After the flames had almost destroyed everything on the block, Fire Marshal Frederick J. Gabriel of the 13th Battalion arrived, followed by the Engine Companies № 70, № 55 from 685 Sheffield Avenue, № 56 from Noble Street and Clybourn Avenue, № 53 from Clybourn and Southport Avenues, and Hose Company № 4 from Clark Street and Belmont Avenue, and № 6 from Balmoral and Ashland Avenues. Some of the companies had driven six miles at full pace, with the thermometer at 95° F in the shade, and men and horses were alike worn out. But the former went to work with a will in a dire emergency. Every building on the block save one had gone down, and the fire had extended to the east side of Clark Street, where the two-story building occupied by W.P. Foote’s grocery store and home and the office of Expressman Anthony Cook had taken fire. Captain A. William Lawson and Lieutenant Quinlan with their men pushed into the building to stay the start the fire had taken for the destruction of another block. While at work Lawson and Quinlan were overcome by the heat and fell into a mass of burning debris on the second floor, whence they were rescued after heroic efforts, both being painfully burned. The building was gutted. Marshal Gabriel and Lieutenant Perry had by this time succeeded in getting the manager of the private waterworks to put on a greater pressure, and after a hot fight at Clark Street and Greenleaf Avenue, the flames were barred from further progress.

At 10:00 a.m. the wires of the Chicago, North Shore & Milwaukee Railroad Company and the Chicago Telephone Company were burned or cut down to avert danger, and there was no telephonic or electric car communication between the city, the northern suburbs, and Evanston until late last evening.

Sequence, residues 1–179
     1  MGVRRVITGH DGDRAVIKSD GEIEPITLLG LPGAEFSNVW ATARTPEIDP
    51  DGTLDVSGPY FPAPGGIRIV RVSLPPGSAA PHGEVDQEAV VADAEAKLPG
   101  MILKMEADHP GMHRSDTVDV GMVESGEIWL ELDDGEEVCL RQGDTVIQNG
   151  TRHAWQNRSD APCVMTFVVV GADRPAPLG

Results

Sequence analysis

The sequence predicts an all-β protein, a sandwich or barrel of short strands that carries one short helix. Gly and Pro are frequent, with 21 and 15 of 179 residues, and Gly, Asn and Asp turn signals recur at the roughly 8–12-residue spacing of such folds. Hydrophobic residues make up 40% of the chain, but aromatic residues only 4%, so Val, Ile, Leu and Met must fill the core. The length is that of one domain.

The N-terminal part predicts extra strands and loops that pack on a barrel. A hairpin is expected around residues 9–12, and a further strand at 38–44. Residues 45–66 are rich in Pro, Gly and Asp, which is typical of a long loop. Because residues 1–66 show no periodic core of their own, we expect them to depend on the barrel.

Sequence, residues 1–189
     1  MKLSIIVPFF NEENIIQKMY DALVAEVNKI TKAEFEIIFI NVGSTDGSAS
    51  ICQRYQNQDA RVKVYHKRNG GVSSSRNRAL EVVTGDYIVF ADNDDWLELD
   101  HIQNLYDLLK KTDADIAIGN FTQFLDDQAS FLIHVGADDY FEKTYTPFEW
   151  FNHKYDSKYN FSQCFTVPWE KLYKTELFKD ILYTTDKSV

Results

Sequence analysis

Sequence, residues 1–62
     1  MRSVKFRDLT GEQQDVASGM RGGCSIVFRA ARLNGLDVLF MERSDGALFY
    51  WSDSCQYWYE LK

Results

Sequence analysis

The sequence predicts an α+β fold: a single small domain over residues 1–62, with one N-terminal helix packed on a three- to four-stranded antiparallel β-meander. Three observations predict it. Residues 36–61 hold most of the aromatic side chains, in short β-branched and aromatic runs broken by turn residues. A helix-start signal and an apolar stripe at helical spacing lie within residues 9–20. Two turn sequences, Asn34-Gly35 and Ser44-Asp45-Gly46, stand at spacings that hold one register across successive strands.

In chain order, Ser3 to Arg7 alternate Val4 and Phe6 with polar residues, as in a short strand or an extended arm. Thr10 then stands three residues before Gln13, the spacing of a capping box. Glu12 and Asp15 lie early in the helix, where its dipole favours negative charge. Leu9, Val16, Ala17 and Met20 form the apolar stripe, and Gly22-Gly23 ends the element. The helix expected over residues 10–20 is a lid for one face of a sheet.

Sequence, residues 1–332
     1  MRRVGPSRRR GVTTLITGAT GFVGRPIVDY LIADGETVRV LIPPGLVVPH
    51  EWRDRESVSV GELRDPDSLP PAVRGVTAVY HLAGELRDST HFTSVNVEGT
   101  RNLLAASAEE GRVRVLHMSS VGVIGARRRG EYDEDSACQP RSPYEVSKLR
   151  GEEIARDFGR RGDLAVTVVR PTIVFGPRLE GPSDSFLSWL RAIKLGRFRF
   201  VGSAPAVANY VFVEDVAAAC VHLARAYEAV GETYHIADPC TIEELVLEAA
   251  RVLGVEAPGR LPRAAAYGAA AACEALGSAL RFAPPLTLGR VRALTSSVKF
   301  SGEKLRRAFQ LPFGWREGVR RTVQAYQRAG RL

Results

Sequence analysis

Police Officer John Weldon was the hero of the fire. He is from Summerdale Station. After the Burbank store and residence on the corner of Greenleaf Avenue and Clark Street had been encircled by the fire he rushed up the stairway leading to rooms above. Mrs. Gurney, the mother-in-law of Dr. Lowell, was there with Mrs. Burbank, both women frantic from fear. Mrs. Burbank hurried down the stairway, her clothing taking fire in her progress. She was seized by bystanders, who extinguished the flames on her gown, and she escaped with a few slight burns. In the meantime, Officer Weldon held Mrs. Gurney at a window, from which smoke was issuing freely, and was calling for a ladder. He knew the attempt down the stairway was fraught with danger. Finally, a ladder was placed against the window and the officer carried Mrs. Gurney to the ground where both fell unconscious from the smoke they had inhaled. Officer Weldon was also burned on one side of the face. Other praiseworthy work was done by Lieutenant George W. Perry and the twenty-two men of his command, in the way of saving threatened property and one of their deeds was of particular daring. On the railroad track, less than fifty feet from the blazing mill stood a tank car loaded with oil and wedged in between the other cars on either end of it. There was great danger of an explosion of the oil, which would have added horror to the fire disaster. Lieutenant Perry called all his men together and with desperate strength, they removed the cars from one end of the tank car, which had become heated to a dangerous point, and then they shoved the oil car to a safe distance.